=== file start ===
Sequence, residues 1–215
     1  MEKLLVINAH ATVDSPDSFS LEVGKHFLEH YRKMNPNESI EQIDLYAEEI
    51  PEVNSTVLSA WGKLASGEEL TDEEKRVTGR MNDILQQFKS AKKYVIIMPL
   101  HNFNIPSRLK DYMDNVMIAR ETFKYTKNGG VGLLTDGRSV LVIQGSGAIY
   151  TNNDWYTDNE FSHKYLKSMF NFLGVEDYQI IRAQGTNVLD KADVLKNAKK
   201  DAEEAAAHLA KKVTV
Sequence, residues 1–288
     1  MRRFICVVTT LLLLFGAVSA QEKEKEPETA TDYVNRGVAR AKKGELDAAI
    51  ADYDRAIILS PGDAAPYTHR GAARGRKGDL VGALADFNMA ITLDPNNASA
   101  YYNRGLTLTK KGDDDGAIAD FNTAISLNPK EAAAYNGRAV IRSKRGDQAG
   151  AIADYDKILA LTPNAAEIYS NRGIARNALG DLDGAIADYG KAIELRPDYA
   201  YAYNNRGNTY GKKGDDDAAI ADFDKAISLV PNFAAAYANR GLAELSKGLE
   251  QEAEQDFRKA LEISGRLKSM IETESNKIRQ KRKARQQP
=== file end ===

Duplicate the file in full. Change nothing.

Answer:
Sequence, residues 1–215
     1  MEKLLVINAH ATVDSPDSFS LEVGKHFLEH YRKMNPNESI EQIDLYAEEI
    51  PEVNSTVLSA WGKLASGEEL TDEEKRVTGR MNDILQQFKS AKKYVIIMPL
   101  HNFNIPSRLK DYMDNVMIAR ETFKYTKNGG VGLLTDGRSV LVIQGSGAIY
   151  TNNDWYTDNE FSHKYLKSMF NFLGVEDYQI IRAQGTNVLD KADVLKNAKK
   201  DAEEAAAHLA KKVTV
Sequence, residues 1–288
     1  MRRFICVVTT LLLLFGAVSA QEKEKEPETA TDYVNRGVAR AKKGELDAAI
    51  ADYDRAIILS PGDAAPYTHR GAARGRKGDL VGALADFNMA ITLDPNNASA
   101  YYNRGLTLTK KGDDDGAIAD FNTAISLNPK EAAAYNGRAV IRSKRGDQAG
   151  AIADYDKILA LTPNAAEIYS NRGIARNALG DLDGAIADYG KAIELRPDYA
   201  YAYNNRGNTY GKKGDDDAAI ADFDKAISLV PNFAAAYANR GLAELSKGLE
   251  QEAEQDFRKA LEISGRLKSM IETESNKIRQ KRKARQQP